Hi All I have following exponential distribution equation to generate different values for random variable 'r':

$$p_r = \frac{(1 - \alpha)\alpha^{CW}}{1 - \alpha^{CW}} \alpha^{-r} \text{ for } r = 1, \dots, CW$$

I have applied inverse sampling to get values of $r$ by equating this equation to random variable $U$ between 0 and 1 and then applying log on both sides. CW is fixed as 10 and $\alpha$ as 0.8 . But I get values of $r$ greater than CW (its max range) and values are positive and negative.


1 Answer 1


For convenience, use the shorthand $\beta \equiv\frac{(1 - \alpha)\alpha^{CW}}{1 - \alpha^{CW}}$.

Generate random variable $U$ uniformly from $[0,1)$, where the observed values are $u$, then the desired random variable $R$ (which observed values are $r$) can be obtained as

\begin{align} r &= 1 & &\text{if} & 0 \le \frac{u}{\beta} & < \alpha^{-1} \\ r &= 2 & &\text{if} & \alpha^{-1} \le \frac{u}{\beta} & < \alpha^{-1} + \alpha^{-2} \\ r &= 3 & &\text{if} & \alpha^{-1} + \alpha^{-2} \le \frac{u}{\beta} &< \alpha^{-1} + \alpha^{-2} + \alpha^{-3} \\ r &= 4 & &\text{if} & \alpha^{-1} + \alpha^{-2} + \alpha^{-3} \le \frac{u}{\beta} &< \alpha^{-1} + \alpha^{-2} + \alpha^{-3} + \alpha^{-4}\\ &\vdots &&\vdots &&\vdots \\ r &= k & &\text{if} & \sum_{j=1}^{k-1} \alpha^{-j} \le \frac{u}{\beta} &< \sum_{j=1}^k \alpha^{-j} \\ &\vdots &&\vdots &&\vdots \\ r &= CW & &\text{if} & \sum_{j=1}^{CW-1} \alpha^{-j} \le \frac{u}{\beta} &< \sum_{j=1}^{CW} \alpha^{-j} \end{align}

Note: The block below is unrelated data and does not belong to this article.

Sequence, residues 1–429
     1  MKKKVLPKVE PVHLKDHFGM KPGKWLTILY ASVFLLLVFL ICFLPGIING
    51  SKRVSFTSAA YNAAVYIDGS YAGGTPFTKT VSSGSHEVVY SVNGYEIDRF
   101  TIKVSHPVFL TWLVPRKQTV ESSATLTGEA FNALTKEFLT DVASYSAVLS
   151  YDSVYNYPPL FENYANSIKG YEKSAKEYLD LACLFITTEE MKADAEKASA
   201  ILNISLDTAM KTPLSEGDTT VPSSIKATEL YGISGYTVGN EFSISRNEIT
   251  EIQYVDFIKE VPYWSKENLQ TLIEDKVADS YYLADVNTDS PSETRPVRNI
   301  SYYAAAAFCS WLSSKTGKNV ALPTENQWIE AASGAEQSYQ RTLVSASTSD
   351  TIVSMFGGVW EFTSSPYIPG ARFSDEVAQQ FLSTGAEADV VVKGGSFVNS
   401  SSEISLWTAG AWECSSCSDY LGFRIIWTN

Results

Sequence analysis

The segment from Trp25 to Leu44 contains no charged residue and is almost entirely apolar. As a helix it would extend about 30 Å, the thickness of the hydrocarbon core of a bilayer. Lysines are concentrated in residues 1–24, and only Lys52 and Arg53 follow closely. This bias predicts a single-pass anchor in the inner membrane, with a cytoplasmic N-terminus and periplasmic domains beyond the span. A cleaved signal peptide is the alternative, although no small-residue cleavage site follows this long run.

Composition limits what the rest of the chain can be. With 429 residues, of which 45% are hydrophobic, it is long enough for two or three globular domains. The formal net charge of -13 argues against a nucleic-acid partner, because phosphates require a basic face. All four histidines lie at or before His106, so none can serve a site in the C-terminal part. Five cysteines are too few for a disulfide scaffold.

By the way, this is not an exponential distribution. It is a truncated Geometric distribution.

Your original approach of "applying log on both sides" is the method of inverse transformation that works only on continuous distributions when directly applied like that.

  • $\begingroup$ 1. Thanks for explanation and sorry for late reply . This equation is from SIFT MAC Protocol research paper [Jamieson, K., Balakrishnan, H., & Tay, Y. C. (2006, February). Sift: A MAC protocol for event-driven wireless sensor networks. In European workshop on wireless sensor networks (pp. 260-275). Springer, Berlin, Heidelberg] and author says that it is exponential. any ways may be i understood wrong. 2. How can we make this equation more compact as i need to program it ? $\endgroup$ Dec 22, 2018 at 12:20
  • $\begingroup$ (1) People from different fields use different terminology. If no such communication problem is encountered in your line of work then it's not my place to judge. Just FYI in many communities, Geometric Distribution and Exponential Distribution refer to two different things that are mutual analogues, with the former being discrete and latter continuous. $\endgroup$ Dec 23, 2018 at 10:39
  • $\begingroup$ (2) This set of equations can be easily vectorized (coded compactly) in most commonly used programming languages or Matlab, R, Mathematica, etc. What platform are you working with? $\endgroup$ Dec 23, 2018 at 10:40
  • $\begingroup$ I am working in C++. $\endgroup$ Dec 24, 2018 at 11:46
  • $\begingroup$ Continue the two bullets above (1) I finally take a look at the (various versions) of the paper by Jamieson and Balakrishnan. They clearly stated that "Sift uses a truncated increasing geometric distribution". This and that are two highlighted snapshots. I don't know why you said they call it exponential. I advise you edit the question title, otherwise the suggested links are all irrelevant. $\endgroup$ Dec 25, 2018 at 11:50

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